Chances are you are familiar with hard money loans from private lenders. In this article, we will look at some of
the pros and cons of using hard money.
Fast Approval: Whether you are looking to invest in a fix and flip property, a piece of land or a need a construction loan, you want your funds available as fast as possible. Anyone that is remotely familiar with real estate knows the painstaking agony of waiting on a conventional mortgage. Because the borrower wants fast cash, bank loans and their piles of documentation along with all the red tape won’t be the way to go. With hard money loans, you can expect to be approved with a few short days and can receive financing within a week or two.
Collateral Options: Hard money lenders are investing in the value of the property instead of your creditworthiness. Because of this, they will generally accept various types of collateral as long as it can secure the loan. Individuals with poor credit have a strong chance of a hard money loanapproval.
Flexibility: Unlike traditional lending institutions, hard money lenders don’t use a complicated underwriting system. They look at each deal individually and will work with borrowers to try and make the loan fit their needs.
Before you consider using hard money, you need to see the entire picture. There are some cons of hard money, as well:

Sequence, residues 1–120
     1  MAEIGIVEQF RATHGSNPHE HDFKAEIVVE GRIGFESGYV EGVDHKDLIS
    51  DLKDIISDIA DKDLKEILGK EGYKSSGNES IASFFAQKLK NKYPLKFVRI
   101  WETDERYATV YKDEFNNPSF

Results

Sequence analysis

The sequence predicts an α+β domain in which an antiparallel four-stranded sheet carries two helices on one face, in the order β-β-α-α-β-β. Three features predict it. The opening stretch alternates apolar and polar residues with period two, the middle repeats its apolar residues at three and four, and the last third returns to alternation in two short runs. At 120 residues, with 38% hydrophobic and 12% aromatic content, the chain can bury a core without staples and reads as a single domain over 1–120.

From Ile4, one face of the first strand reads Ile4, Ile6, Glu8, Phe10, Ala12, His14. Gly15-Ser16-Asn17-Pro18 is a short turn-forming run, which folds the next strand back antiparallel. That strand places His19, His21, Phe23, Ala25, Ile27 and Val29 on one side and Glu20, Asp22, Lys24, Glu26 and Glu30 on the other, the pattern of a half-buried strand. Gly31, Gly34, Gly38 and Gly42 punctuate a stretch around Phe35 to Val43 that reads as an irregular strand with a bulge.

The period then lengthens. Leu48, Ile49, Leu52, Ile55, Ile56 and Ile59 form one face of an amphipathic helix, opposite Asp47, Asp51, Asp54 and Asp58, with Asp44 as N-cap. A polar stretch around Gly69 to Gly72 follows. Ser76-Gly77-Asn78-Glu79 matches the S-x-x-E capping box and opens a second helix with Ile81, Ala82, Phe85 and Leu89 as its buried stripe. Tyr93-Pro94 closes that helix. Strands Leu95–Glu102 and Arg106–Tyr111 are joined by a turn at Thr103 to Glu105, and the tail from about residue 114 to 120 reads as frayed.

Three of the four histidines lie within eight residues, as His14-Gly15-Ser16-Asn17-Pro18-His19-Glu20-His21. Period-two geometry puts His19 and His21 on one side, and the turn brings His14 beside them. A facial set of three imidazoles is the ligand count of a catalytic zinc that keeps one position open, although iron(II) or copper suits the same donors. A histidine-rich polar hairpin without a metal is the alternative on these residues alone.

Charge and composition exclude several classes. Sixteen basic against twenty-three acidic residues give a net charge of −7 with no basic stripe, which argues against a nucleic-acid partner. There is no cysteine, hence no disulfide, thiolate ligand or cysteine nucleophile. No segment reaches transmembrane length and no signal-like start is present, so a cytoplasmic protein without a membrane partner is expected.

Short-term: Because these loans are typically used for renovating and flipping property, most hard money loans are strictly available as a short-term solution. Generally, these loans have terms from 6 months to 3 years. When loan terms are so short, a higher interest has to be mandated in order for the lender to make a profit. However, a pro (in this con) is hard money loans are interest-only until the last payment, which is a balloon payment. Hard money lenders also, rarely enforce an early payment penalty.
Higher Interest: Piggybacking upon the previous con, these interest rates can be incredibly high. They usually range from 8%-18%. However, if you are a seasoned real estate investor, with a proven track record, chances are lenders will be incredibly flexible with your terms and repayment plan. However, as a novice more-than-likely you will pay quite high interest rates.
Hard money is not typically meant for a residential property. It is meant for a situation in which the property will be turned around quickly and a profit is made. In simple terms, hard money should be used for investments. However, borrowers that don’t qualify for traditional lending have another financing option, while they work on their financial situation.
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About the Author: Dennis has been working in the real estate industry in some capacity for the last 40 years. He purchased his first property when he was just 18 years old. He quickly learned about the amazing investment opportunities provided by trust deed investing and hard money loans. His desire to help others make money in real estate investing led him to specialize in alternative funding for real estate investors who may have trouble getting a traditional bank loan. Dennis is passionate about alternative funding sources and sharing his knowledge with others to help make their dreams come true. Dennis has been married to his wonderful wife for 43 years. They have 2 beautiful daughters 5 amazing grandchildren. Dennis has been an Arizona resident for the past 40 years.